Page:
03 September 2006

Virtual and Eternal


Communication tends to fascinate and frustrate me. It was one of my majors in college. However, the developments in the medium since graduation date me more than i care to admit. Verbal and non verbal cues, sharing a common language or attempting to communicate with signs and gestures, all demands attention and provokes the possibility of delight and sometimes frustration. My friend Karen just completed training in sign language (I know there's more official language, my apologies) which is an artform on its own. Accompanying my fascination with communication, I'm also keenly gifted in miscommunicating. In email exchanges alone, what I perceive as perfectly clear can be "read" as completely different than my intent. It's often cause for regret and retracing steps. Ugh.

Communicating with a friend yesterday, we discussed how virtual conversations can be more real and perhaps even more transparent than face to face encounters. So, in the spirit of that observation, I tho’t I’d post this entry in my blog. ☺ I wondered if the consideration of words and composing of thoughts via email or other virtual places allows for editing and deleting, and perhaps generally better communication. But does that come at the expense of less significant face to face discussions? Do we resort to discussions about weather, television plotlines, and perhaps (if we're bold) political positions and forfeit depth or even transparent cries regarding basic needs or longings in our hearts and lives? Do we hide the real joys and pains of life we’ve reflected on in a safer, perhaps less threatening environment such as email or by blogging? Is it less real to post something in a blog? Do our face to face daily conversations suffer as a result? Or do we simply not have the time in our frantic schedules to go deep in face to face settings? No answers...just musing aloud, er, online.

In the category of eternal, I'm so thankful to honor my grandmother today. Three years ago we buried her, just before her 99th birthday. Thus if she were still alive, we’d celebrate her 102nd birthday today. [The picture (credit Hildred, again) is our nieces at Grandpa and Grandma's tombstone in South Dakota.] But I celebrate her life. She impacted lives beyond her life. I miss her lively brown eyes...and much more!! Miss u Grandma. Love thinking of you and Jesus and Grandpa together.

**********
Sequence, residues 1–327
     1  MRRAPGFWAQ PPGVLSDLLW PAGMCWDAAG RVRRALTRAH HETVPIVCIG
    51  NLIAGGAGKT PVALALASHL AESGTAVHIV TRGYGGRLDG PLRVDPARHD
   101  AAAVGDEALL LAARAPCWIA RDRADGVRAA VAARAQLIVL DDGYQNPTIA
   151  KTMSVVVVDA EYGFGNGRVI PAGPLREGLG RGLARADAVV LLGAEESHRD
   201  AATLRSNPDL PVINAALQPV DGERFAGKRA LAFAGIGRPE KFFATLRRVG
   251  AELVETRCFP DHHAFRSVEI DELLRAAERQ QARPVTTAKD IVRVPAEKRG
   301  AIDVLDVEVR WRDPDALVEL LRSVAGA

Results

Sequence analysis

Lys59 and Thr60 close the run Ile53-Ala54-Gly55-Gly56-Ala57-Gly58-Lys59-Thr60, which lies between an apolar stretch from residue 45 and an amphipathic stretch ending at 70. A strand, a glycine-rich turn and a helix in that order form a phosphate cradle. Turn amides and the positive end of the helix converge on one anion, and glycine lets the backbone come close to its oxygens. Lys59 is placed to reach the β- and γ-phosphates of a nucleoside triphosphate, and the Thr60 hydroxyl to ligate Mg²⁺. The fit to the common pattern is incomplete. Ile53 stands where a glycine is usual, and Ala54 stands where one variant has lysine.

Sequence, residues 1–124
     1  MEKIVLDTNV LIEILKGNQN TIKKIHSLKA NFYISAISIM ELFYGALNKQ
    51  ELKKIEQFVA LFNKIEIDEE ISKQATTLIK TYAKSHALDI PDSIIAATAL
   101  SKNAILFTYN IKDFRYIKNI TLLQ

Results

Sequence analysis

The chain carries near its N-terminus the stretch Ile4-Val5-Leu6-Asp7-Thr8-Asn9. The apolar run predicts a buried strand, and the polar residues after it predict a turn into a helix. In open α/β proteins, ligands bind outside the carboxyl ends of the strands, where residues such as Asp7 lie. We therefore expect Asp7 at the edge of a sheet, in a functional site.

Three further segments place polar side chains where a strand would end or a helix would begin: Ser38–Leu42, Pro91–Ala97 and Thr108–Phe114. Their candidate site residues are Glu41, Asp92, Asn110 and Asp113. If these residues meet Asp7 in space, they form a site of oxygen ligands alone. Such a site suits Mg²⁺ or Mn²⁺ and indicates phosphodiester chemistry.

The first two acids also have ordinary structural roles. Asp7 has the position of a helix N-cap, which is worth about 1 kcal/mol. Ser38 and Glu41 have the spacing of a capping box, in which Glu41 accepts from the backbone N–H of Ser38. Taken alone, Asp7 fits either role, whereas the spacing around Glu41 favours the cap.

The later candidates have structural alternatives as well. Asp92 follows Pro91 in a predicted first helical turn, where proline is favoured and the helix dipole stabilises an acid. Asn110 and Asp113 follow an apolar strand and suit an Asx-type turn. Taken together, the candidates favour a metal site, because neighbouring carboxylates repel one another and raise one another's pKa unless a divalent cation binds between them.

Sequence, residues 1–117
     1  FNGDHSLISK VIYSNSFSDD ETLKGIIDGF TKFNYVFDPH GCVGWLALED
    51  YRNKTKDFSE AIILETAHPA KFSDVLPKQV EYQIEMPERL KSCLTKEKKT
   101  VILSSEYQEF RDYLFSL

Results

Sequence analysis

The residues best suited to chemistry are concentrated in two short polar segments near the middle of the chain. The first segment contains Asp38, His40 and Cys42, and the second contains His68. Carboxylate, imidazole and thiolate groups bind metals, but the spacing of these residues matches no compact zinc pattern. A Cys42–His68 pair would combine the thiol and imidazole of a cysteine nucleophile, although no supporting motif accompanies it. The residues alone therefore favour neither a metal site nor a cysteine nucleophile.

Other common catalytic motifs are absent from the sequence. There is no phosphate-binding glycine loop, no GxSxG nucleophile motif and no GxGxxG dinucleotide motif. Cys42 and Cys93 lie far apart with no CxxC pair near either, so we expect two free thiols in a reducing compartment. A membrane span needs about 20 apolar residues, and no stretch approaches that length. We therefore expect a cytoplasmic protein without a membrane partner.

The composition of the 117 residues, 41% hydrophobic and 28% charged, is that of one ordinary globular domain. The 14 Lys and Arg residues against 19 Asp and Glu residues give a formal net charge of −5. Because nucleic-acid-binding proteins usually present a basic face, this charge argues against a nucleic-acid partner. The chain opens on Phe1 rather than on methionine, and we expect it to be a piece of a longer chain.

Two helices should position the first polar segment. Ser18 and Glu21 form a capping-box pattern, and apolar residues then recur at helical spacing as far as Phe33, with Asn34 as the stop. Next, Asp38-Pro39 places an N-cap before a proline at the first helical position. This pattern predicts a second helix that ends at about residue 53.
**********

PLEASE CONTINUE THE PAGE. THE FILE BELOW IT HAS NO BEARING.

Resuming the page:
3 comments:

beth said...

I think that there are definite advantages to the written word as opposed to the spoken. I always romanticize the days when letters were the primary means of communication- real thought was put into them and I do think sharing the heart is easier when you don't have to look into someone's eyes. There is another side to this question on on-line life though. For some, this is how they are being socialized, which isn't really equipping them for interaction with actual people, and for some other poor souls, this is their community- they don't have anyone to share with face to face. Is that bad? More like sad, in my opinion. I love being able to read what's in your heart, but I also know that I have many opportunities to do the same thing in person. If I ignore or avoid those face to face times and interact with you by the internet solely, then I'm not really enjoying the true community that God intends. And I need to learn to be more open and vulnerable in person too. The written word can be a helpful and useful tool in moving toward that, but I don't believe it can end there.

Jewels said...

John loves to communicate by e-mail because you can get straight to the point and get the job done. I always like to get the voice inflections, tone of voice, etc. to get to the true meaning of what's being said, but I would rather write than talk so I can think :)
I loved to get letters back in the olden days, and blog comments are kind of like that!

karla said...

i like the internet so that i can tell you how i MEANT to tell you i loved you in person, but it just couldn't come out....hence, the "i do love you, friend" on-line.